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Printing with Cobalt Salts

image, salt and obtained

COBALT SALTS, PRINTING WITH Cobalt belongs to the same group of metals as iron and manganese, and, like these, many of its salts are sensitive to light. Although no practical process has so far been founded on this fact, it is as well to record briefly the researches of A. and L. Lumiere on the subject. The most promising salt is obtained by dis solving cobaltic oxide, to saturation in oxalic acid solution, or by precipitating cobaltic oxyhydrate from a cobaltous salt solution by means of sodium peroxide and dissolving the precipitate, after careful washing, to saturation in oxalic acid solution, the cobaltic salt being kept all the time in excess. This operation must be performed in the cold, and takes some hours. A green solution is obtained which can be used to sensitise gelatinised paper, and, after drying, on exposure to light under an ordinary negative, a pale rose-coloured image of a cobaltous salt is obtained. The action is extremely rapid, taking but 6 fraction of the time necessary to print under similar conditions with a silver salt. The print, when ready, should next be immersed in a 5 per cent. solution of potassium ferricyanide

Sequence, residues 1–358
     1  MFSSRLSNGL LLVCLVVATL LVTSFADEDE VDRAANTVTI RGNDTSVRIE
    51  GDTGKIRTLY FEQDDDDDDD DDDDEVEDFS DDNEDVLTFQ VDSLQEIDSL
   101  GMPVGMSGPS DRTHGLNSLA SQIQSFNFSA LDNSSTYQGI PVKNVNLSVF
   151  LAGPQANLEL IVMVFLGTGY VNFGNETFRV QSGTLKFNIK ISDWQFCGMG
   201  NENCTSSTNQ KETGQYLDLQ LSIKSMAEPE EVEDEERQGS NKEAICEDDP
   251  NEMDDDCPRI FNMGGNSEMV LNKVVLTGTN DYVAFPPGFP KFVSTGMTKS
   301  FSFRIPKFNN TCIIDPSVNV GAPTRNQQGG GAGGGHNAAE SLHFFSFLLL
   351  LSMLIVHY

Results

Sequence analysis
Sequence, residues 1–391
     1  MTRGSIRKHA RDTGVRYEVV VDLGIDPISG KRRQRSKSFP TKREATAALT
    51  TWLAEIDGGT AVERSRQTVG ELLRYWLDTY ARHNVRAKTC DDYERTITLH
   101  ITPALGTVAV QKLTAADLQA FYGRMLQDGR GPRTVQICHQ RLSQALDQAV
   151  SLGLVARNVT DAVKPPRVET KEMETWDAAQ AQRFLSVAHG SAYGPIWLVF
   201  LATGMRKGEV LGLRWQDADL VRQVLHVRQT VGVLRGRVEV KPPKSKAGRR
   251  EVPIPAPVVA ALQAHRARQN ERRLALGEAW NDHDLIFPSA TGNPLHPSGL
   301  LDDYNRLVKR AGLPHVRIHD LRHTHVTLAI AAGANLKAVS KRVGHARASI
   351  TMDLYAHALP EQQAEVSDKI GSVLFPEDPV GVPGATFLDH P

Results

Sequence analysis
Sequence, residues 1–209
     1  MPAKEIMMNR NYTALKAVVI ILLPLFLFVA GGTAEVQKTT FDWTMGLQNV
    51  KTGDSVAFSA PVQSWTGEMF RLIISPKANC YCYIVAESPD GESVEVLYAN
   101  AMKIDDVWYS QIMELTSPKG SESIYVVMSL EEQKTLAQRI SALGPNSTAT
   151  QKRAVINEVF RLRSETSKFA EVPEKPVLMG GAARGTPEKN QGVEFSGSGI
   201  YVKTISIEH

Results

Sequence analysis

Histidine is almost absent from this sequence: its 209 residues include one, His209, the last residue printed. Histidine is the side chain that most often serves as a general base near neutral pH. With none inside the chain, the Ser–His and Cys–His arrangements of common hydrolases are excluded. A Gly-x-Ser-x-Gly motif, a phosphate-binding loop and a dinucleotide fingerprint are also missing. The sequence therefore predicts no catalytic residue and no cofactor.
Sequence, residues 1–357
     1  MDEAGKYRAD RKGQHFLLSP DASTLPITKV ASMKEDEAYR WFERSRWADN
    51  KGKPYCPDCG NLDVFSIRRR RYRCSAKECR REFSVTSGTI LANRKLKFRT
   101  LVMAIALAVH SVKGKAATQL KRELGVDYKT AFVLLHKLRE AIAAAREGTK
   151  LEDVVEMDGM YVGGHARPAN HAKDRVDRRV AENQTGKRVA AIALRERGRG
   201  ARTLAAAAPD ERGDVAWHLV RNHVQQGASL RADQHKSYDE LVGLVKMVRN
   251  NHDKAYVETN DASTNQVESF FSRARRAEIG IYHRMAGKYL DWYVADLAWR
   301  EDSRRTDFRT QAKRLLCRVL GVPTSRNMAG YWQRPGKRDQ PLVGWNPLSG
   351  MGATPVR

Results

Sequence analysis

and washed. The image thus obtained is a pale rose colour and not very intense, consisting of cobalt ferrocyanide. This may be toned with an alkaline sulphide, which produces dark brown cobalt sulphide. By treatment with an iron salt, a blue image is obtained ; a nickel salt gives a red image. Attempts to develop the cobaltous image with organic compounds (see "Manganese, Printing with") were not satisfactory, in all cases it being found much more difficult, and the only substances proved to be of any value were hmatoxyline, which gave a violet blue image that was changed to reddish by hydro chloric acid, and benzidine, toluidine, and their hydrochlorate salts. These produced on the places not affected by light, so that they would give a negative print from a negative, an intense blue image, which was turned brown by ammonia and pale yellow by hydrochloric acid.

Further researches with the citrate, stannate, nitrite, tartrate, gallate, and sulphocyanide of cobalt have been made, but the results were still less promising.